Keep in touch with the friends you made in the host country and find like-minded people back in the UK who have had similar experiences. Don't be surprised if everyday life back in the UK seems trivial, if you find that your goals and priorities have changed, if you find yourself experiencing 'reverse' homesickness, and if you feel negative emotions towards the UK – these are all common feelings associated with readjusting to life back at home.






Readjusting to life in Edinburgh Here are some suggestions for readjusting to student life back at Edinburgh: • Understand that your friendships and relationships may have changed as a result of your new experiences. • Explore new places and people with whom you can share your international experiences. Join an international club, take a language course, or register for courses where you can apply what you learned from your travel and academic experiences abroad. • Share your new knowledge through a journal, scrapbook, or photo collection. • Connect with international activities back at Edinburgh – join any of the internationally themed societies which exist to bring UK and international students together – check EUSA’s webpages for details: • Get involved with the International Students Centre (ISC). You can stay connected with your international experience by becoming part of this group – volunteer, attend events, or find out about becoming a member of the committee. Visit their webpages: • Join the Tandem Society:

Staying in touch after your programme Your stories and experiences can offer inside information for many students who would like to know more about going on exchange. The more people know about student exchange programmes and international learning, the easier it is to generate interest and support among students and Schools. Here are some ways to get the word out: • Write a letter to Student newspaper or Hype magazine. • Submit an article to the International Office – we will find a way to use it on our webpages. • Send any postcards or photographs to the International Office where we will display these for students visiting the office to see. • Participate in the International Office Photo and Essay Competition, with prizes for the top 3 entries in each category. We will send you reminders about this throughout the year. More information, including essays and photos from previous winners can be found on the International Office Exchange website. • Come along to the annual Exchanges Fair in October/November (one of the International Office’s Global Horizons events) and share your experiences with prospective outgoing exchange students.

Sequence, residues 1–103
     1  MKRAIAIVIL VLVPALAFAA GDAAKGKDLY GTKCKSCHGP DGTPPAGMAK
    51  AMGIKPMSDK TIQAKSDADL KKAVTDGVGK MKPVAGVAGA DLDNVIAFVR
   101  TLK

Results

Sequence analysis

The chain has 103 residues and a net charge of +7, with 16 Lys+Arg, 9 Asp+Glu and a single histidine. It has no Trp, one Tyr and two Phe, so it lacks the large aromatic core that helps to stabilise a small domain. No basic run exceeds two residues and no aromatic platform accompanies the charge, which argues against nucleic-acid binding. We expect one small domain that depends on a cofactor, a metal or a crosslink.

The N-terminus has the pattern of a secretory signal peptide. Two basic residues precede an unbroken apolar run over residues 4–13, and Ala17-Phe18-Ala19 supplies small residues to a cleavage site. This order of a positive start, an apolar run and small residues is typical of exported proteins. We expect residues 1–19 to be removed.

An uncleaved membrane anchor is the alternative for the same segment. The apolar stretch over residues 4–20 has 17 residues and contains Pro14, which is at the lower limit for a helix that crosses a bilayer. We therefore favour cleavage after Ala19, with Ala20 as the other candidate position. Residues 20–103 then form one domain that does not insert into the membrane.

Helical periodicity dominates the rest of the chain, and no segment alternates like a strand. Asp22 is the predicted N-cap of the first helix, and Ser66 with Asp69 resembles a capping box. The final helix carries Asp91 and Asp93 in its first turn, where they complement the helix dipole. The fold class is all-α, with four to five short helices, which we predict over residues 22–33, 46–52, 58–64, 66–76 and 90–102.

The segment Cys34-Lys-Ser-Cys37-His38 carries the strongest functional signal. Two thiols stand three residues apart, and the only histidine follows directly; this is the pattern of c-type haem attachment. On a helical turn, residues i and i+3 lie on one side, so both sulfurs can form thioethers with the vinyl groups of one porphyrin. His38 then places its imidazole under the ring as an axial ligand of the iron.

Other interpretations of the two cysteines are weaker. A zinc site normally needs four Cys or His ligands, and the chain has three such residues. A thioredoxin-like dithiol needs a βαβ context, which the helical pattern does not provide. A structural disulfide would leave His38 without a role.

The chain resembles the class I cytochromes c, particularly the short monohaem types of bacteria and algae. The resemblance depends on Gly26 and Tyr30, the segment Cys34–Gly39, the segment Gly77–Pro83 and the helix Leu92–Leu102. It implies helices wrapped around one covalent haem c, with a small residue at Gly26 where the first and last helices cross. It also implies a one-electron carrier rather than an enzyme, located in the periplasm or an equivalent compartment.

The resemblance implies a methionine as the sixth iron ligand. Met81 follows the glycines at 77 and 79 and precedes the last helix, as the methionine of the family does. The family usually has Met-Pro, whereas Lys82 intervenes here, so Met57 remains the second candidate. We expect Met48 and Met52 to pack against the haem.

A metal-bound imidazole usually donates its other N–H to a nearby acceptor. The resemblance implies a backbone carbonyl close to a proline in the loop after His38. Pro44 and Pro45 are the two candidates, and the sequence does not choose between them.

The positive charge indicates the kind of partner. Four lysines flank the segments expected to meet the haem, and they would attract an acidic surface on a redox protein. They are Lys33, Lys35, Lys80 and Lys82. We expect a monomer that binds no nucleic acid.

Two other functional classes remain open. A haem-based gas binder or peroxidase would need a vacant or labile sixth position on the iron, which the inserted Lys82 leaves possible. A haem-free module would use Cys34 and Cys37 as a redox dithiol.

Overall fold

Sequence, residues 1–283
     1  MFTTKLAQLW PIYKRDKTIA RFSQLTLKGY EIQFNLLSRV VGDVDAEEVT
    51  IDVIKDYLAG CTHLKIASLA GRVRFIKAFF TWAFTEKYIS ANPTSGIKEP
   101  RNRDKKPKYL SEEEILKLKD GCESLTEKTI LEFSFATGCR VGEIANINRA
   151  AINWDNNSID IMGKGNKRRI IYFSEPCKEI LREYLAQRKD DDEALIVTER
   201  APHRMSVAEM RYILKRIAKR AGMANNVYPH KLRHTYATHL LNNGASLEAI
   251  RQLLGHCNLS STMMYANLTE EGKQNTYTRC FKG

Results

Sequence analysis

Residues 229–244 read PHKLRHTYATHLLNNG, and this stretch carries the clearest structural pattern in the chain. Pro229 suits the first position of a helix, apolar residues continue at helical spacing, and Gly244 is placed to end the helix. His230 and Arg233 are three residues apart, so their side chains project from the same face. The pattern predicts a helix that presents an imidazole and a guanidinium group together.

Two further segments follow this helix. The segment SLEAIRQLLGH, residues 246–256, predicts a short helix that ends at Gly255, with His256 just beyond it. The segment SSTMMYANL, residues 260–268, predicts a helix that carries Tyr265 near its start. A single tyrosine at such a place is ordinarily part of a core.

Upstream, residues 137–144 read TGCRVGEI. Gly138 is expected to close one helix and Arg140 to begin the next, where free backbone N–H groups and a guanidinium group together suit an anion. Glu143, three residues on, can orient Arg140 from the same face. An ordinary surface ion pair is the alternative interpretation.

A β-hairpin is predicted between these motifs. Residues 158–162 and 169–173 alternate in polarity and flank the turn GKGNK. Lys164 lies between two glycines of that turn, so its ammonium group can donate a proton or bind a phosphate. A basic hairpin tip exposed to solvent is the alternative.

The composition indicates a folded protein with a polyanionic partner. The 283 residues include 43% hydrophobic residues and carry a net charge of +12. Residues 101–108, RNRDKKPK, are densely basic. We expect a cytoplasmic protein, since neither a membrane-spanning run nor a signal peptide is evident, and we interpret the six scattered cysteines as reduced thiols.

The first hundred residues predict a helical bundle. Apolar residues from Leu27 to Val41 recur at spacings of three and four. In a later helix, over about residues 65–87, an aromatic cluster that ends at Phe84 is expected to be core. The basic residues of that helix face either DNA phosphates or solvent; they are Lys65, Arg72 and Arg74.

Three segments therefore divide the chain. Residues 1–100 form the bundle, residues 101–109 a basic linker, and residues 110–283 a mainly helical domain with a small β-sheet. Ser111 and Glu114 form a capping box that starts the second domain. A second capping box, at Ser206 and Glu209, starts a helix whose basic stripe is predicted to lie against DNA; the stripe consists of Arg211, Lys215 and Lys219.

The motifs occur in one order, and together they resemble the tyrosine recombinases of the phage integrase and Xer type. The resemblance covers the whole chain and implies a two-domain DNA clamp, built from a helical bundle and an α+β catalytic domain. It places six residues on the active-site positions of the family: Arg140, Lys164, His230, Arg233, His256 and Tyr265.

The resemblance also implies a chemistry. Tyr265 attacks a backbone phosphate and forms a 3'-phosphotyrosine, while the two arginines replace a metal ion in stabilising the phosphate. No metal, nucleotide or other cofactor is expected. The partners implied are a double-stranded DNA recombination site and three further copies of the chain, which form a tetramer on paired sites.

International Office Exchanges webpages: Foreign & Commonwealth Office publications: FCO Locate University of Edinburgh Registry: (for registration queries): (for fees enquiries): International Association of Medical Assistance to Travellers: International Lesbian & Gay Association: International Student Identity Card (ISIC):






At Edinburgh University of Edinburgh International Office 57 George Square Edinburgh EH8 9JU Scotland, UK

TEL: +44 (0)131 650 4296 FAX: +44 (0)131 668 4565 EMAIL: EMERGENCY 24 HOUR PHONELINE: +44 (0)131 650 2257

My academic Erasmus Coordinator at Edinburgh CONTACT PERSON: EMAIL: TEL:

My Host University contacts

My Health Insurance COMPANY:


















Check Passport Validity Your passport should be valid for 6 months after your return. If you need to renew it, it can take at least 4 weeks to process here in the UK.

My Emergency contact at home NAME:


Visas Ensure you apply for your visa as soon as possible.



My Address on exchange

Email If you regularly use a web-based email account, let the International Office know this so we can send emails to this address as well as your university account.



Contact Addresses/Emails/ Telephone Numbers Take them with you so you know who to contact for different matters. LEA/Student Loans Will your LEA pay for flights/health insurance/visa application? Have you arranged for your student loan to be paid directly into your bank account, or a cheque to be sent to your parents? Insurance Have you obtained appropriate Health Insurance? Travel and property insurance is your responsibility – make sure you have adequate protection. Have you read and understood the small-print and arranged extra cover where necessary?

Credit Transfer Talk to your School before you go to ensure that you are clear about what you are expected to achieve, academically, whilst abroad and how the work you complete whilst away will be counted towards your degree. Healthcare Have you had a dental/eye check-up? Have you had all necessary vaccinations? Have you got all the prescription medication you will need whilst abroad, plus an explanatory letter for Customs officials? Copies of Documentation Have you made copies of your passport/ birth certificate/ driving licence (for ID)? Have you got several passport photos available? Annual Registration at the University of Edinburgh Students going abroad as part of their Edinburgh degree programme still need to remain registered at the University of Edinburgh. Have you completed this? For more details visit:


Exchanges Handbook  

For students of the University of Edinburgh taking part in overseas exchange programmes in 2011-12